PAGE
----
The exact mechanisms involved in altered behavior in the elevated plus maze and increased locomotor activity in the open-field tests remains unclear. The neurotransmitter dopamine has been implicated in anxiety-like behaviors (Pogorelov et al., 2005). In our study, α-Syn-mediated effects on the dopaminergic system may be involved in the reduced anxiety-like phenotype observed in our mice. In the 7–19-month-old A53T transgenic mice, DAT expression is reduced in the nucleus accumbens and the striatum and was associated with reduced dopamine uptake in the striatum and increased hyperactivity in the A53T mice (Unger et al., 2006). In the 2-month-old homozygous A53T mutant animal, DAT expression was not measured (George, 2008), but our data suggest that reduced DAT expression and abnormalities in dopaminergic neurotransmission may also underlie the reduced anxiety-like behavior that we observe in our studies. In addition, dysregulated dopaminergic signaling may also occur through mechanisms independent of DAT expression levels, involving a dysregulation of DAT by the A53T mutant of α-Syn. Indeed, we have previously shown in cotransfected cells that the A53T mutant α-Syn is completely unable to traffick and regulate the reuptake functional activity of dopamine via DAT (Wersinger and Sidhu, 2005). Thus, the expression of the A53T mutant may lead to dysregulation of DAT, leading to hyperactivity in a mechanism reminiscent of that seen in the DAT knockout animal (Giros et al., 1996; Uhl et al., 1996). Although the effect of the A53T mutant on SERT trafficking and function is not known, it is likely that the A53T α-Syn mutation may cause a dysregulation of SERT. Although an overexpression of SERT may be predicted to lead to depressive behavior, due to reduced serotonin in the synapse and increased reuptake, we have not observed any depressive-like behavior in these mice at any age (data not shown).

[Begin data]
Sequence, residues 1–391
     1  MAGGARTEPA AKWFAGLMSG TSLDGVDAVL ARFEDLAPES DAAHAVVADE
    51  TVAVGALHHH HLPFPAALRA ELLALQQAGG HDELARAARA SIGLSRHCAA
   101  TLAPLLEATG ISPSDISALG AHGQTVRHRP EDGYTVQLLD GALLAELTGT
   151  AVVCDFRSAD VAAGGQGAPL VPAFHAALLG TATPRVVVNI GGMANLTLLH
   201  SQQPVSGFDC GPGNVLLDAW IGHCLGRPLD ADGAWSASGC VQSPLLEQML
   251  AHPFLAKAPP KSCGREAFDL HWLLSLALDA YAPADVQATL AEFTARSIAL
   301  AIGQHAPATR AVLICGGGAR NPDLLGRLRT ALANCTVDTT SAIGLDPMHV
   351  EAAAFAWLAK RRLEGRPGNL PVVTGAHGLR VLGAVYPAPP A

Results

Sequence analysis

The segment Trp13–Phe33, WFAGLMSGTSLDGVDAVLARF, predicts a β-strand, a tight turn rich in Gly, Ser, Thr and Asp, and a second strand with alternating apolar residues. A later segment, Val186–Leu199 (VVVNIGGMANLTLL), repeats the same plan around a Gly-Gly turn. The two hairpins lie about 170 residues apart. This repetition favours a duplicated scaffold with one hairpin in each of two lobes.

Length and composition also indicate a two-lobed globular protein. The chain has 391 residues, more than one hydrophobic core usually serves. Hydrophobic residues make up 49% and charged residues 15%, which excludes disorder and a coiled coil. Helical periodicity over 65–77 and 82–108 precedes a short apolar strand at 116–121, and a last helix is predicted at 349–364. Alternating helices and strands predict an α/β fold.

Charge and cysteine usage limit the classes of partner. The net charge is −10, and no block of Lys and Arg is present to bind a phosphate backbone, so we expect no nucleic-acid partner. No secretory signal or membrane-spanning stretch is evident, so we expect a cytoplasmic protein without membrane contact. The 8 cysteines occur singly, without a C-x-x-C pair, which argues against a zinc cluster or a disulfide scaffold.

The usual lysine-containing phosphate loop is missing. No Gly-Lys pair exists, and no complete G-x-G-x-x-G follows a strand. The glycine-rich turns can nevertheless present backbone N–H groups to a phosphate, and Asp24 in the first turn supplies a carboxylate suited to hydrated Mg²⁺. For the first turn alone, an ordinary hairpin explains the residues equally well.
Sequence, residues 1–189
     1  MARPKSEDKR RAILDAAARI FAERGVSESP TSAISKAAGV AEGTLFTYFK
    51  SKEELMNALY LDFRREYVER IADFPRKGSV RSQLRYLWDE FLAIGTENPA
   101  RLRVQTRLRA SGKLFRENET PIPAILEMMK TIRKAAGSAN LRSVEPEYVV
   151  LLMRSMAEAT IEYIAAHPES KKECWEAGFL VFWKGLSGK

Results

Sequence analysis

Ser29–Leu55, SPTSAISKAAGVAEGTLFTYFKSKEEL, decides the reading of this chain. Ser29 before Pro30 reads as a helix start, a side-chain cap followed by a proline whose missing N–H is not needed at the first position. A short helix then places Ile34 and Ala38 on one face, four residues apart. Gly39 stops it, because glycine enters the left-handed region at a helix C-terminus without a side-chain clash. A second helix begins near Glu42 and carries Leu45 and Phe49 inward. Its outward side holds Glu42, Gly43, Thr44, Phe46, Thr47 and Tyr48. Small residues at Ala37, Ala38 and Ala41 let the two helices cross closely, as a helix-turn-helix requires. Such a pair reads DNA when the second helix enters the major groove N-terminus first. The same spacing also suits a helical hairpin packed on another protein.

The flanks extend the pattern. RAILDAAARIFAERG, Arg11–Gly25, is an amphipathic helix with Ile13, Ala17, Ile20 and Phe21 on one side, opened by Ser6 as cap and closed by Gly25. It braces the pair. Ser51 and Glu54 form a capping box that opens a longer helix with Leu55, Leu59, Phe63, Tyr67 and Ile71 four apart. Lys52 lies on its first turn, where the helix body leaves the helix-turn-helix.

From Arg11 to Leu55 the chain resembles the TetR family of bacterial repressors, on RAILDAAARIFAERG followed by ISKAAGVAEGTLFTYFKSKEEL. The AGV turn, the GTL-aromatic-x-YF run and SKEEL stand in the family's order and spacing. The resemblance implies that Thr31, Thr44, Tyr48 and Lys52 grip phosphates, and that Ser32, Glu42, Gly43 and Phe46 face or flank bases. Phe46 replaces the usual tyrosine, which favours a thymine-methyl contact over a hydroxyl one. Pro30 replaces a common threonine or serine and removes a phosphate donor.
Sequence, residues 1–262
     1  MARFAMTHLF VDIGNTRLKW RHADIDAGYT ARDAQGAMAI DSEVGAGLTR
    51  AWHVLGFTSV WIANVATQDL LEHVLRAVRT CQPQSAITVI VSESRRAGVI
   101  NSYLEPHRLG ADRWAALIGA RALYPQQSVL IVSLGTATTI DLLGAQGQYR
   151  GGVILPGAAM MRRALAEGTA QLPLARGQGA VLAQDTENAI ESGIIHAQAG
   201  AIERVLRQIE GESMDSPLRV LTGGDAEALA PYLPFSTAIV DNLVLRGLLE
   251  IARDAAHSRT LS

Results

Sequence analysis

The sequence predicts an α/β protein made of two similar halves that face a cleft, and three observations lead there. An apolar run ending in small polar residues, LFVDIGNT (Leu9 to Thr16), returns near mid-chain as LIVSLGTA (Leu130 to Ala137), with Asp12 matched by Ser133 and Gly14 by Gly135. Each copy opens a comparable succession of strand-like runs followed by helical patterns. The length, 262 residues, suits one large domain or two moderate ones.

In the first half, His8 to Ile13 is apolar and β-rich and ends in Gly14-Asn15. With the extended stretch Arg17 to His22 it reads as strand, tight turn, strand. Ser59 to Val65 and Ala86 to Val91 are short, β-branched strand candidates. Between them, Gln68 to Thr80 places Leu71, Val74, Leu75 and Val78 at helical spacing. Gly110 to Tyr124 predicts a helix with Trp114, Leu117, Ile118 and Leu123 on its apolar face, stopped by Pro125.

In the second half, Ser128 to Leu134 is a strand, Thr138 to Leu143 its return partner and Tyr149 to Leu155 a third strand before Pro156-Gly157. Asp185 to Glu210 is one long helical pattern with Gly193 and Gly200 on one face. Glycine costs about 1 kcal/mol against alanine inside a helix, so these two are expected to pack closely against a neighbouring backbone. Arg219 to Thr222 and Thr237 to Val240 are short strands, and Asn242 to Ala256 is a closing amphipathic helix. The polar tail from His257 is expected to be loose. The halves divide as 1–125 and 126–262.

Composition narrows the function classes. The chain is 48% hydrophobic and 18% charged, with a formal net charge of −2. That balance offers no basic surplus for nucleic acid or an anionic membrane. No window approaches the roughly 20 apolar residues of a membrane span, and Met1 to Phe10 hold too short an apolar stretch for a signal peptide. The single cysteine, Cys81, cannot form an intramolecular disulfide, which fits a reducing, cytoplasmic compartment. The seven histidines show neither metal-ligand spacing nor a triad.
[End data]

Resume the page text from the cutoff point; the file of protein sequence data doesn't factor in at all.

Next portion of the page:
In conclusion, late-adult hA53T transgenic mice show hypoanxiety-like behaviors on the elevated plus maze and increased locomotor activity on the open-field test and the rotarod. These mice will provide further valuable scientific information on the function of α-Syn-mediated effects on the brain with regard to PD and changes in behavior.
We thank Bhudevi Bodreddigari from Charles River Testing Services for mouse genotyping and Patrick Forcelli for technical assistance with behavior studies.
Contract grant sponsor: National Institutes of Health; Contract grant number: R01MH075020; Contract grant number: R01AG028108; Contract grant number: R01NS060041.